In the space of just a few days, entire companies went from working in one location, to having hundreds and in some cases thousands of employees working remotely, testing the viability of their business resilience strategies.
It has been a challenging period, and while we all continue to get to grips with the “new normal”, there are some important lessons that have been learned around communicating effectively with employees, clients and partners.
Understanding the threat and developing a plan
During the initial phase of the COVID-19 lockdown, it was important that businesses understood the threat and developed a plan. According to Gareth Williams, Non-Executive Director at WNS, there are three stages that business leaders should focus on: being crisis ready, stabilising operations for the current environment – “making the new normal work” – and re-launching the business, applying the lessons learned through the crisis. Moreover, leaders need to be at the forefront of any crisis and should, Williams says, “inspire an organisation.”
The challenge for many organisations, however, is the need to balance staff wellbeing with the commercial challenges and client demands posed by a crisis. While tactics will of course differ, organisations should, from the outset of a crisis like COVID-19 engage, energise, and motivate employees while being honest and realistic about financial performance.
Organisations should wherever possible communicate an “authentic and genuine story”, but they need to do it regularly to ensure employees are apprised with up to date information. This of course has not been easy, as COVID-19 meant that businesses had to make decisions very quickly, often without understanding the true impact that a mass lockdown would have on the business.
Communicating effectively with all internal and external stakeholders
For many businesses, working from home was an entirely new concept altogether, and those that did have remote working policies had never tested its resilience among large numbers of employees. Have the policies and learning tools stood up to the challenge or have improvements been required? Is a more standardised approach needed to manage the use of the software and remote devices to mitigate risk? This, according to Jeff Allen, Senior Vice President at Brainlabs, is one of the most important aspects of communicating effectively with employees.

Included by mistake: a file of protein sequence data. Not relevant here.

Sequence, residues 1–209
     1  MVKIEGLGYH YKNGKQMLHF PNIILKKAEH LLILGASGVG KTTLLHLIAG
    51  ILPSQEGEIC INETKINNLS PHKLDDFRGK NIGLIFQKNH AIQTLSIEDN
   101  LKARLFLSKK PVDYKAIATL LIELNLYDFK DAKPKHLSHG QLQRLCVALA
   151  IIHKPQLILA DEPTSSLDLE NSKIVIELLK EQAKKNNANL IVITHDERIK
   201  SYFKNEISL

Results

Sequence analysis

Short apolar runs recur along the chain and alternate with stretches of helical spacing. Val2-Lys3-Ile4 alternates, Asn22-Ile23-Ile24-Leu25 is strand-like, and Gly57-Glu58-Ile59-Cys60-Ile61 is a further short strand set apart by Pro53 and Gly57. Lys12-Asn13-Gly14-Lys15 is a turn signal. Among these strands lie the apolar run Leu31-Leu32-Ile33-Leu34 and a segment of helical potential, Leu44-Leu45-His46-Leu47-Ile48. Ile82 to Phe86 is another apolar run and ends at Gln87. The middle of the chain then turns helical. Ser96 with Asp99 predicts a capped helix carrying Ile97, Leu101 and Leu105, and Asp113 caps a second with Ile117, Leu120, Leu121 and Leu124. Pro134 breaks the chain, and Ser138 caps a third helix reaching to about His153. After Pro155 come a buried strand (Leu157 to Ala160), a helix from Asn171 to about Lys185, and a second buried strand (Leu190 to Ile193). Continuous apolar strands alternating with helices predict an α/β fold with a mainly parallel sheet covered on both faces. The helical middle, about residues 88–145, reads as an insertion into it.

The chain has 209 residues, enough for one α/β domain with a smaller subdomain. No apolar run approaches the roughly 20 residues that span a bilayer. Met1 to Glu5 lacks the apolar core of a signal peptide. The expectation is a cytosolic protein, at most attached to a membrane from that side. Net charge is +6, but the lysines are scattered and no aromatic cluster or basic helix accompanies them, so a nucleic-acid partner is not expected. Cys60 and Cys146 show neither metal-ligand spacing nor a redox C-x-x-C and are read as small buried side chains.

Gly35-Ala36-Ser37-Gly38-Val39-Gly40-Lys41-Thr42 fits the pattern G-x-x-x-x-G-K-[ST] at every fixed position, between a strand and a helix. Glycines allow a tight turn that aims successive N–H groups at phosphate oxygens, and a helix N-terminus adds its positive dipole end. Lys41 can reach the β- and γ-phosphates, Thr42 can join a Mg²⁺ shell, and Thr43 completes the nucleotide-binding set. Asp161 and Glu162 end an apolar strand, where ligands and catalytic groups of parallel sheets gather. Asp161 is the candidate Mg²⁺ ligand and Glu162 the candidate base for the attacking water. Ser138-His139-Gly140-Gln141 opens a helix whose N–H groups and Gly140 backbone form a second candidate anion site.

Businesses should also agree communication channels for their staff, clients and partners but remain flexible and listen to them about what works best and update their plans accordingly. According to P.B. Jacobse, CEO of Rhubarb, swift and clear communications around critical markers, such as the introduction of various phases to ease out of lockdown, are vital to engaging effectively with key stakeholders, especially employees.
It is also vital that organisations are open with people about the challenges they face. As Williams says, “authenticity and honesty build trust with people.” What this means in practice, says Jacobse, is involving teams from the beginning, to get their initial buy in and keeping them updated and actively involved throughout the crisis.
Cath Bailey, an experienced HR Executive, highlights that communications with employees should not just be top down. According to Bailey, it needs to be two-way, with businesses utilising different channels to engage with their staff. For example, using social media such Facebook to build team spirit and ensuring that line managers engage with direct reports via Skype or Microsoft Teams to check on progress and brainstorm ideas. For official updates, businesses should use email.
Businesses, according to Bailey, could also use pulse surveys to get employee feedback so that management can learn lessons during and after the crisis.
Preparing for life after the crisis – adapting to the new normal
As lockdown measures across the UK ease, businesses will need to start the important task of preparing for life after the crisis. While this will not be easy – COVID-19 will be with us for many more months to come and its legacy could last years – it is nevertheless important to agree and executive a realistic plan that provides a clear direction of travel but is sufficiently adaptable to flex with changing circumstances.
As part of re-launching operations, especially for those that have effectively been shut down for the duration of the lockdown, it is critical that businesses review their communications programme which, according to Williams, should look to answer two salient questions:
- What are the key lessons we learned during the crisis?
- How could we have done things better?
Businesses, according to Scott Behrens, Chief Executive of Superbikes, should also prepare for the risk that we see a re-surgency of the virus, focusing on scenario planning to anticipate and mitigate the impact this would have on all stakeholder groups, notably clients, employees and partners.
For some business, Behrens notes, this might involve creating new opportunities to capitalise on a distressed marketplace. In other words, how can we develop new existing products and services or adapt existing ones that will be meet customers’ changed needs in the new world? In addition, could businesses, for example, bolster its supply of inventory from those companies that have gone into liquidation?
COVID-19 is a once in a generation global event and may leave a permanently changed legacy affecting businesses around the world. For those that can adapt quickly to the altered landscape, this could be an opportunity to enter a new phase of growth. But whatever happens, it will be vital that every business leader reviews and learns from their response to dealing with COVID-19, and a key priority is understanding the effectiveness of their employee, customer and partner communications.